TV3 (pronounced as Tivi Tiga) is a Malaysian free-to-air television channel owned by Media Prima conglomerate. TV3 is the third and third oldest TV station in Malaysia. It was launched on 1 June 1984 as the country's first and oldest private television channel. As of October 2021, TV3 remains to be the most-watched television station in Malaysia with about 17% of its viewing share among other Malaysian television stations, followed by NTV7 and TV9 with 15% of its viewing share, making two of them become the second most-watched television station in the country, despite the declining viewership of 3 free-to-air television channels.
Thailand (South Thailand, particularly Songkhla, Narathiwat, Yala and Satun)
Indonesia (North Kalimantan, West Kalimantan and Riau Islands)
|Headquarters||Sri Pentas, Bandar Utama, Petaling Jaya, Selangor, Malaysia|
Chinese (Mandarin and Cantonese)
|Picture format||576i (4:3/SDTV) (1984-2017) 1080i (16:9/HDTV) (since 2017)|
(Sistem Televisyen Malaysia Berhad)
|Launched||1 June 1984|
(Merged into Tonton Xtra's site, formerly tv3.com.my) (Malaysia only)
|myFreeview||Channel 103 (HD)|
TV3 (Sistem Televisyen Malaysia Berhad) officially began broadcasting in the Greater Kuala Lumpur (the area surrounding Kuala Lumpur, capital of Malaysia) in conjunction the Hijri date of the first day of the holy month of Ramadan year 1404 AH (1 June 1984) at 6:00pm local time. The nation's first privately owned TV station was officially launched with a five-hour broadcast time from 6:00pm to 11:00pm. The television channel used to broadcast from a building in Jalan Liku, Bangsar, Lembah Pantai, Kuala Lumpur before it moved to Sri Pentas, Bandar Utama, Petaling Jaya, Selangor in 1995. Similar to state-owned TV channel RTM TV1, TV3 introduced daily morning transmissions on 1 March 1994, along with the debut of the channel's flagship breakfast television programme – Malaysia Hari Ini (Malaysia Today).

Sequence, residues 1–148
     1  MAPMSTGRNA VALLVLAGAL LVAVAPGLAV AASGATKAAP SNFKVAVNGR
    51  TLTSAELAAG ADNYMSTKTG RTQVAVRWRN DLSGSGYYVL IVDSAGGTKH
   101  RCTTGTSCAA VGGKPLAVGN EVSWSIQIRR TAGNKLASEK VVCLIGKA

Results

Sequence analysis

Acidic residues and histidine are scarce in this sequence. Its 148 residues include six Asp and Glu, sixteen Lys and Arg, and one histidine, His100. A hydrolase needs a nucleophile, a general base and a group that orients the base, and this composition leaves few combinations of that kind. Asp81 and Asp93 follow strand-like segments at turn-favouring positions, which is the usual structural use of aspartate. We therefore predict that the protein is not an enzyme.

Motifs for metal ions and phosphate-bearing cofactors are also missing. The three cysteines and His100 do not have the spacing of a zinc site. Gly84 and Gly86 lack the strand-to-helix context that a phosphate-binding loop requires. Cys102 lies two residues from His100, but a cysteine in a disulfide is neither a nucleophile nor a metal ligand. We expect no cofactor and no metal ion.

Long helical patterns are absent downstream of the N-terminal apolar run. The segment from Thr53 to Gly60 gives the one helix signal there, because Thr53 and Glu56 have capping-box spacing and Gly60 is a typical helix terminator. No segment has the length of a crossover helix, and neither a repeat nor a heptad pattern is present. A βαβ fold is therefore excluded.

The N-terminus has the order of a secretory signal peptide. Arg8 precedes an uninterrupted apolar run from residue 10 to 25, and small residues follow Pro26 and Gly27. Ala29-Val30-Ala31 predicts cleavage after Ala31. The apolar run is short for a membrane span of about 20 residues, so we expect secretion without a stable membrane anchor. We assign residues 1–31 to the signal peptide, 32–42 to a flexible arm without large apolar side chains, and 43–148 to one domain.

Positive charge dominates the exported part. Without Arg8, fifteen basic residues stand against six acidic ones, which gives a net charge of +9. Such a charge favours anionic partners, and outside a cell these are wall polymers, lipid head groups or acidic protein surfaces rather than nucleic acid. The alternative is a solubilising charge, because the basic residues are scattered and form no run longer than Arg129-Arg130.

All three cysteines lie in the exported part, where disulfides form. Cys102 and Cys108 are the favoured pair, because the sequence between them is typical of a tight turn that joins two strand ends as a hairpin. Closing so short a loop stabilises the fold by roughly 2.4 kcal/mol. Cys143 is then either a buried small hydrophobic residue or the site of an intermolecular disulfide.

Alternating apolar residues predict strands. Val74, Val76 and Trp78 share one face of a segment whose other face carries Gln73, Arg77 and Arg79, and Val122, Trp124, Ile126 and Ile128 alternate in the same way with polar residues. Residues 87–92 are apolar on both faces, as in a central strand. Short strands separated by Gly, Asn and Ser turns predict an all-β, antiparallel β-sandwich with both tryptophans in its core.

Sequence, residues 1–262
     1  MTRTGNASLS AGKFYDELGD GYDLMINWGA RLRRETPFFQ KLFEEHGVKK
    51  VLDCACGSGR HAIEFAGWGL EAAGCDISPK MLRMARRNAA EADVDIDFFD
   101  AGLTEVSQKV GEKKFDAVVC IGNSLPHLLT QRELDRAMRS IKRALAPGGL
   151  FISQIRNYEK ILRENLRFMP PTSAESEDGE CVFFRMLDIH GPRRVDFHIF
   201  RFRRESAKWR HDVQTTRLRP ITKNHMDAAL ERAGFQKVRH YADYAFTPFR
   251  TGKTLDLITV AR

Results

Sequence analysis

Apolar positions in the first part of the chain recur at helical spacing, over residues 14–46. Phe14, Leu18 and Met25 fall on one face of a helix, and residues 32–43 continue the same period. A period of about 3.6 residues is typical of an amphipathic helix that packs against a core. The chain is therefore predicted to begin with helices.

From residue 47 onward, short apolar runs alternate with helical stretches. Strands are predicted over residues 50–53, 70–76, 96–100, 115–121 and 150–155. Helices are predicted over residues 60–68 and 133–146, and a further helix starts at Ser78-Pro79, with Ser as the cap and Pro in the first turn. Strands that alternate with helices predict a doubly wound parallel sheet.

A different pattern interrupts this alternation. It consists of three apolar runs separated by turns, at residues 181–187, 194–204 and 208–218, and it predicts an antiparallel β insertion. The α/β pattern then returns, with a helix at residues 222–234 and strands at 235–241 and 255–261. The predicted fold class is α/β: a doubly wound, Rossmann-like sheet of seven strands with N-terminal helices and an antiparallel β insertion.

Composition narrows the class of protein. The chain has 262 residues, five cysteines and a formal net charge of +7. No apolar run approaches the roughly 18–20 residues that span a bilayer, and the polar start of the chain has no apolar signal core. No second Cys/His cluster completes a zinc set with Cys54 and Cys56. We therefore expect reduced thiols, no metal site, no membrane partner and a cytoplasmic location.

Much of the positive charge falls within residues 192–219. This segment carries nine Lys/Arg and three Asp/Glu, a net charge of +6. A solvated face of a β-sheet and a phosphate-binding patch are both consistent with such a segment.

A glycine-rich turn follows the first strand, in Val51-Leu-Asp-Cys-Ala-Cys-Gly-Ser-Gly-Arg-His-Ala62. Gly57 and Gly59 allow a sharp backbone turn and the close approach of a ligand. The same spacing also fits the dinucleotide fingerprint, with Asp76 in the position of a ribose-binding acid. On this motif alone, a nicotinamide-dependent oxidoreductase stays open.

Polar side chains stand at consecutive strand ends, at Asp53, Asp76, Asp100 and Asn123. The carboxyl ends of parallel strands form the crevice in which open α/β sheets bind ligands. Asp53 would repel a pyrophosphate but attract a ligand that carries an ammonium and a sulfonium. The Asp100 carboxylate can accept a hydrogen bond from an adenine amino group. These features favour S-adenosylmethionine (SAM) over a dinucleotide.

On 22 September 2003, both Sistem Televisyen Malaysia Berhad and The New Straits Times Press (Malaysia) Berhad were spun off from Malaysian Resources Corporation Berhad, which owned the companies since 1993 to form Media Prima Group.
Criticism and controversyEdit
- In Singapore, the channel ran into controversy because it broadcast programmes in Cantonese, which ran contrary to the Singapore government's policy of promoting Mandarin instead of other dialects in media. Consequently, it prevented people in government-built housing blocks from installing the special antennas required to receive the channel. In addition, it prevented local newspapers and magazines from carrying listings for TV3, even though these were available for the other Malaysian channels. TV3 was available on Singapore CableVision (now StarHub TV), Singapore's only cable TV operator, until it was removed at 9pm, 22 July 2002 owing to copyright issues.